Reactive Manifesto 2.0
A little over a year ago, a group of us published the Reactive Manifesto as a way to address new requirements in application development and provide a common vocabulary to discuss complex concepts. To date, the Manifesto has received over 6,813 signatures and has sparked what I consider to be a healthy debate in our community about what the principles for modern application infrastructure might be.
When we launched the Manifesto in 2013, we established these as Event-Driven, Scalable, Resilient and Responsive. While I think these were all important pillars, after some internal debate and feedback, we’ve decided to update the Manifesto to more accurately reflect the core value of Reactive design.
For example, there was concern that Event-Driven might be adjusted to Message-Driven, since Reactive Systems rely on asynchronous message-passing to establish an async boundary between components. Ultimately, we (Dave Farley, Martin Thompson, Roland Kuhn and I) believe that by switching from Event-Driven to Message-Driven, we can more accurately articulate and define the other traits. The difference being that messages are directed, events are not—a message has a clear addressable recipient while an event just happen for others (0-N) to observe it.
The other nuance is replacing Scalable with Elastic. I think this adjustment should make sense to most readers familiar with modern workload patterns. Truly Reactive Systems should react to changes in the input rate by increasing or decreasing the resources allocated to service these inputs, not just expanded according to its usage (which is the definition of Scalable).
So, taking these new descriptors into consideration, we can now define Reactive Systems as:
Responsive: The system responds in a timely manner if at all possible. Responsiveness is the cornerstone of usability and utility, but more than that, responsiveness means that problems may be detected quickly and dealt with effectively. Responsive systems focus on providing rapid and consistent response times, establishing reliable upper bounds so they deliver a consistent quality of service. This consistent behaviour in turn simplifies error handling, builds end user confidence, and encourages further interaction.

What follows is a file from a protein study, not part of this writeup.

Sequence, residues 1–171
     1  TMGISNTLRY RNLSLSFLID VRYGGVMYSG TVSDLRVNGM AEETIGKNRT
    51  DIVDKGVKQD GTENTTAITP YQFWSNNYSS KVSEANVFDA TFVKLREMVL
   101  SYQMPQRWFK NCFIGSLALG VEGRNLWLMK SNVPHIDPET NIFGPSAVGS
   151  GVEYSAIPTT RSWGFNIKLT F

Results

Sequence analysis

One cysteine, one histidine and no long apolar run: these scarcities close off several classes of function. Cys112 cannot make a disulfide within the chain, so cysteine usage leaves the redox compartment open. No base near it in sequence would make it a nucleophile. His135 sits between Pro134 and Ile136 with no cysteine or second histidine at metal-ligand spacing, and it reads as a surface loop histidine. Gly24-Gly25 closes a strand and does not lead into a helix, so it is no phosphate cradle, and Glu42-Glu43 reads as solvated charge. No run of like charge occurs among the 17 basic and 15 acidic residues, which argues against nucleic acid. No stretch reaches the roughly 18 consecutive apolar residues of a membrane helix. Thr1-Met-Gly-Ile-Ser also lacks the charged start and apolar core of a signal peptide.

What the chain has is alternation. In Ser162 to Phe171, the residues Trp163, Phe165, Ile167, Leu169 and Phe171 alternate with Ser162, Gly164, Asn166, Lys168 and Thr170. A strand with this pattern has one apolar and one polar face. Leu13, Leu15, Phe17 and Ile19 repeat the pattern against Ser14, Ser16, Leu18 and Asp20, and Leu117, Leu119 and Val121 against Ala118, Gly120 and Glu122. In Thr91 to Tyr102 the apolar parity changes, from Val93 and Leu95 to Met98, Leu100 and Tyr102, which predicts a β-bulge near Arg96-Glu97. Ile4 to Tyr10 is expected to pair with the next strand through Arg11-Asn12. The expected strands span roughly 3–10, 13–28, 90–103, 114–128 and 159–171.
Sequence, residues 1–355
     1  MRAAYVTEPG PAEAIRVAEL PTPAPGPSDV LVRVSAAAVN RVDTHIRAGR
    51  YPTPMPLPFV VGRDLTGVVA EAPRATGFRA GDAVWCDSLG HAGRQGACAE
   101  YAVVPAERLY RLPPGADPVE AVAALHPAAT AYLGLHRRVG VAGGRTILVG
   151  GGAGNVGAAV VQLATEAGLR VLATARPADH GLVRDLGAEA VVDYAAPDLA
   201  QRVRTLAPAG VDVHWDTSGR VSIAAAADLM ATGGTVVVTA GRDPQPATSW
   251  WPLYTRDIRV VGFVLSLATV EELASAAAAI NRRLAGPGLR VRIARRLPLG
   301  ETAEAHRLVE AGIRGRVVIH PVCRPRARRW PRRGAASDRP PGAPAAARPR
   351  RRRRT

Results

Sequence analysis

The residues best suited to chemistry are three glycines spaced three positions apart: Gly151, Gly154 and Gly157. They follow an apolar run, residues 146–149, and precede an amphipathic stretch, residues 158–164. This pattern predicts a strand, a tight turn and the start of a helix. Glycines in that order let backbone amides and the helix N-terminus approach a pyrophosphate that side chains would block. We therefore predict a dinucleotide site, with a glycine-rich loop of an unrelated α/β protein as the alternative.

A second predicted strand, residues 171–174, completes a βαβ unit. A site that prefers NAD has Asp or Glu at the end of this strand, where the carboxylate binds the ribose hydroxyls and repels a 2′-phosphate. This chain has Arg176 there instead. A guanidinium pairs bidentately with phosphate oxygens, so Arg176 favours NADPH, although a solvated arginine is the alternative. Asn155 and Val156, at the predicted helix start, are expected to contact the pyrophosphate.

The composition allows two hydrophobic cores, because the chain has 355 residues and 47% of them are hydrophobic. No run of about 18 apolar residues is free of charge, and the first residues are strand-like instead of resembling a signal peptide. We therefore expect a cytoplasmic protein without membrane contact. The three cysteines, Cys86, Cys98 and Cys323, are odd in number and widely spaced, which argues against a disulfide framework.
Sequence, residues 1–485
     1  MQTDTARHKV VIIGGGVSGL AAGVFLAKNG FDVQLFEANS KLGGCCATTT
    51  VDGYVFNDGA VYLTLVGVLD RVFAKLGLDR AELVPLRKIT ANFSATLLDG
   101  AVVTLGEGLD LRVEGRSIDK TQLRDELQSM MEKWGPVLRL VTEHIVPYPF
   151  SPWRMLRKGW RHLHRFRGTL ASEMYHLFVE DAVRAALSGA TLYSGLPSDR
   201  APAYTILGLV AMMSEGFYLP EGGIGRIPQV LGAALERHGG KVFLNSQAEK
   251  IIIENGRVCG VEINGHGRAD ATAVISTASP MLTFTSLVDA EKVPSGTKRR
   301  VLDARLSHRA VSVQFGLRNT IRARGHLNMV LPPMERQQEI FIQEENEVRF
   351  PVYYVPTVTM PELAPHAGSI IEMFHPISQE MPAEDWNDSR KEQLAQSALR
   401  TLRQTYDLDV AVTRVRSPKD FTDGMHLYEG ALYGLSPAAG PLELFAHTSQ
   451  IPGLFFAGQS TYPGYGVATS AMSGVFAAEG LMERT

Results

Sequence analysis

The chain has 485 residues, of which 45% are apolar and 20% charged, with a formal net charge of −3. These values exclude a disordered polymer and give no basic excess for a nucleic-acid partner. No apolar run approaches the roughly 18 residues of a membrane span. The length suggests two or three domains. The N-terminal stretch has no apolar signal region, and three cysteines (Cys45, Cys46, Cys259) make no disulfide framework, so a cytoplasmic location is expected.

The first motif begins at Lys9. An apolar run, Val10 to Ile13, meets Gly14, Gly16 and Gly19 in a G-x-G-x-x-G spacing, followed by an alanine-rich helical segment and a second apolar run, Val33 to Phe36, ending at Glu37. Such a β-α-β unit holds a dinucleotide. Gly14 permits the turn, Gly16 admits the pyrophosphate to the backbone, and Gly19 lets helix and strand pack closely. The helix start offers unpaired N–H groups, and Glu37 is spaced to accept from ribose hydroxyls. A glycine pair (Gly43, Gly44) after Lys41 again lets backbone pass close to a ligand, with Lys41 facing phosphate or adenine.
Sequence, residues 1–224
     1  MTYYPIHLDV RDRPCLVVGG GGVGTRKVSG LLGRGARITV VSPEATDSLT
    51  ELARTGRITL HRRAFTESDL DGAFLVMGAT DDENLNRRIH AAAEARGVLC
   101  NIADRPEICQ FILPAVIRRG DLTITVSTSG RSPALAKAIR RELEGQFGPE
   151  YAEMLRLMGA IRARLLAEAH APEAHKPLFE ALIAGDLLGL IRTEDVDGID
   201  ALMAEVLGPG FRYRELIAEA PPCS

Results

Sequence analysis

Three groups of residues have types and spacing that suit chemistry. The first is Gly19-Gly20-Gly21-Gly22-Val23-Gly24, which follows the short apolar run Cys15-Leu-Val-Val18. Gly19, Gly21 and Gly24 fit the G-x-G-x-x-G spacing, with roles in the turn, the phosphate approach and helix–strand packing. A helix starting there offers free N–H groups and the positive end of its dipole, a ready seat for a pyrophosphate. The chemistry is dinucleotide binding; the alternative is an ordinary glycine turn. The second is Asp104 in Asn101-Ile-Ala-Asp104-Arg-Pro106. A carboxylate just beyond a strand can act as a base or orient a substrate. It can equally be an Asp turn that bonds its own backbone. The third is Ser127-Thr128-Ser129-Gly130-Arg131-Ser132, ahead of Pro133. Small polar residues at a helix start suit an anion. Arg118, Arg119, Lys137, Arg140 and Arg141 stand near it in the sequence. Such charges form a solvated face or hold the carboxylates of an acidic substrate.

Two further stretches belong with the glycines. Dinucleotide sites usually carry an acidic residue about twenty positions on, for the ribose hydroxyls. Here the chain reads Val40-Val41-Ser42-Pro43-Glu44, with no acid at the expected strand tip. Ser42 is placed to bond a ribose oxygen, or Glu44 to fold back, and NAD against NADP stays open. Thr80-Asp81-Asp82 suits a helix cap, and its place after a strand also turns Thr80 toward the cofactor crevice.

Resilient: The system stays responsive in the face of failure. This applies not only to highly-available, mission critical systems—any system that is not resilient will be unresponsive after a failure. Resilience is achieved by replication, containment, isolation and delegation. Failures are contained within each component, isolating components from each other and thereby ensuring that parts of the system can fail and recover without compromising the system as a whole. Recovery of each component is delegated to another (external) component and high-availability is ensured by replication where necessary. The client of a component is not burdened with handling its failures.
Elastic: The system stays responsive under varying workload. Reactive Systems can react to changes in the input rate by increasing or decreasing the resources allocated to service these inputs. This implies designs that have no contention points or central bottlenecks, resulting in the ability to shard or replicate components and distribute inputs among them. Reactive Systems support predictive, as well as Reactive, scaling algorithms by providing relevant live performance measures. They achieve elasticity in a cost-effective way on commodity hardware and software platforms.
Message-Driven: Reactive Systems rely on asynchronous message-passing to establish a boundary between components that ensures loose coupling, isolation, location transparency, and provides the means to delegate errors as messages. Employing explicit message-passing enables load management, elasticity, and flow control by shaping and monitoring the message queues in the system and applying back-pressure when necessary. Location transparent messaging as a means of communication makes it possible for the management of failure to work with the same constructs and semantics across a cluster or within a single host. Non-blocking communication allows recipients to only consume resources while active, leading to less system overhead.
As always, we welcome your feedback and input on the Manifesto. This is intended to be a living document, capable of evolving with the times. We have rewritten the Manifesto to further help us achieve our goal of having an accurate, precise and thoughtful definition of Reactive Systems principles and design requirements; the new version is more concise, more coherent and tells a better story, in my opinion. I hope you’ll join me, and the rest of the community around Reactive, in promoting these principles as a practical common core for modern infrastructure.
If you’re interested in learning more about Reactive, I encourage you to read the full Manifesto and check out the upcoming React Conf in San Francisco. The event is pulled together by developers at the heart of the Reactive Systems community, and aims to provide a coherent and practical journey through the Reactive principles and practices.